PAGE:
The PCSD, Fabello added, will require the developers to present a full-blown environmental impact assessment to evaluate the “extent of damage or the possible impact that will alter the natural environment” on the project site.

According to the Viacom statement in January, “Nickelodeon’s first resort in Southeast Asia is slated to have 70 hectares set aside for the resort’s accommodation and 30 hectares for the themed attraction.”

Fabello said he doubted if there was a contiguous area in Coron that can accommodate such massive development.  (READ: Nickelodeon park: Palawan execs say oceans not ‘private’ properties)

Teo said in her June 1 interview with CNN Philippines that the developers had personally assured her that they would preserve the place and not destroy the environment.

On the same day she was criticized for saying that the project would push through, Teo issued a brief statement distancing herself from the project.

In a statement posted on the Department of Tourism’s (DOT) official Facebook page, Teo said: “From a tourism perspective, the DOT is excited about the idea because this would attract both local and foreign tourists.”

“With regard to the approval of such a concept, the DOT would properly refer the matter to the appropriate agencies that can evaluate and decide on it,” she added.

On top of a SEP clearance, the developers also need to secure, among other government permits, an environmental compliance certificate (ECC) from the Department of Environment and Natural Resources, and the free, prior and informed consent (FPIC) from the National Commission on Indigenous Peoples (NCIP) if it enters into areas considered as ancestral waters.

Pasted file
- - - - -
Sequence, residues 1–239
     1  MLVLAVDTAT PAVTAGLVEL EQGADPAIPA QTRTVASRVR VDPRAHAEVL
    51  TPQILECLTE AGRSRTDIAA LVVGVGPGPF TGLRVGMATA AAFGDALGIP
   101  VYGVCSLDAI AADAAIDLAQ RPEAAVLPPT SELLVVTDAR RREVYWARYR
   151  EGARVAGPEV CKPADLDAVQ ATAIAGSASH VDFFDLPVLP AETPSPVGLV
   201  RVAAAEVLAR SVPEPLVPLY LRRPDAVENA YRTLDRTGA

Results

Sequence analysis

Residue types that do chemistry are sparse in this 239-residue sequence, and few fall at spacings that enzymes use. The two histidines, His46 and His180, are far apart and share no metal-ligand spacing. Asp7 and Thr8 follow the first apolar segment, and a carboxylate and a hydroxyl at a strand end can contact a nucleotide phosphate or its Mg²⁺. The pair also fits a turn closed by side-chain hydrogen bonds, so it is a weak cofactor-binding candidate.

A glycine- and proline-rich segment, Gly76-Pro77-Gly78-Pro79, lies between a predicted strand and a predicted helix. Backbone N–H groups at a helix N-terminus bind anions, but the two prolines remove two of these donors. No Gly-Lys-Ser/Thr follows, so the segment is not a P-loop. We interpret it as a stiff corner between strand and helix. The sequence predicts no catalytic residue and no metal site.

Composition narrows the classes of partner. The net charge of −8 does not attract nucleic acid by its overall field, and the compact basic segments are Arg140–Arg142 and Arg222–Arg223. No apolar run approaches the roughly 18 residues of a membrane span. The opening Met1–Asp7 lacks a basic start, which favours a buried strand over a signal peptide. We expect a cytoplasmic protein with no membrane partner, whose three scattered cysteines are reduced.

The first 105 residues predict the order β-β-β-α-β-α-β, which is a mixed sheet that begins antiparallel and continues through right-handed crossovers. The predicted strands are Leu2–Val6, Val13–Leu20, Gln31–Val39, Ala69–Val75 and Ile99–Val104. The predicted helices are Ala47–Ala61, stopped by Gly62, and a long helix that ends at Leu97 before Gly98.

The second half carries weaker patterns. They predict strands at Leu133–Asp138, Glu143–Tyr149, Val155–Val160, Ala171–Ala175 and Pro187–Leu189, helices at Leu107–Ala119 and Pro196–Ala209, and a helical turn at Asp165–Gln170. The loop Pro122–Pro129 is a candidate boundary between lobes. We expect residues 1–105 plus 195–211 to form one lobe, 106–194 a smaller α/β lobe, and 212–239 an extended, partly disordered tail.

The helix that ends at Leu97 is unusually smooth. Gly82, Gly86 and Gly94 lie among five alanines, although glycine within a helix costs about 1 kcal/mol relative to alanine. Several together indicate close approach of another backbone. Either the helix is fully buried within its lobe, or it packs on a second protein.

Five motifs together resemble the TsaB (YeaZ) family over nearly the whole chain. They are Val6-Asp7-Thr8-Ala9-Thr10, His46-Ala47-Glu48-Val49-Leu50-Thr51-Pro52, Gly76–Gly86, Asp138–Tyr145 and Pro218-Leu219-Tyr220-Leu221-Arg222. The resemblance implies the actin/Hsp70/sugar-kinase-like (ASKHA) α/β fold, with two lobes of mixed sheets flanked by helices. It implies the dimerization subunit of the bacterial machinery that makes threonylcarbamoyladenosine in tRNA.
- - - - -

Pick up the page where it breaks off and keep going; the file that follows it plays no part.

Last frontier

In a statement sent to Rappler, Save Philippine Seas executive director Anna Oposa said her organization, along with other conservation groups in the country, maintain its stand against the project.

“Our position from January 2017 has not changed: we are still against the construction of the Nickelodeon-Coral World Park attraction,” said Oposa, who launched an online petition that already garnered 247,000 signatures as of posting.

What concerns them even more, she added, are the “condominiums” to be built in the resort, as announced by Teo.

“Coron is beautiful as it is, with limestone cliffs, coral reefs and lagoons. It does not need artificial structures to draw local and foreign tourists,” Oposa said.

“Palawan is the country’s last frontier – let’s keep it that way,” she added.

She said the conservation community demands “transparency from all government agencies, local government units, and the developers themselves to present their conservation and development plan.”

There is fierce opposition to the project among concerned citizens and conservation groups who said it would cause irreparable damage to Coron’s already threatened marine ecosystems, particularly the coral reefs.

While Coron boasts of spectacular diving sites, only 0.6% of  its live coral cover is in “excellent” condition, PCSD data revealed. (READ: Discovering the jewels of Coron)

Coron’s live coral cover in “very good” and “good” condition are at 1% and 3.2%, respectively. The rest are in “fair” (63.4%) and “poor” (31.8%) condition. –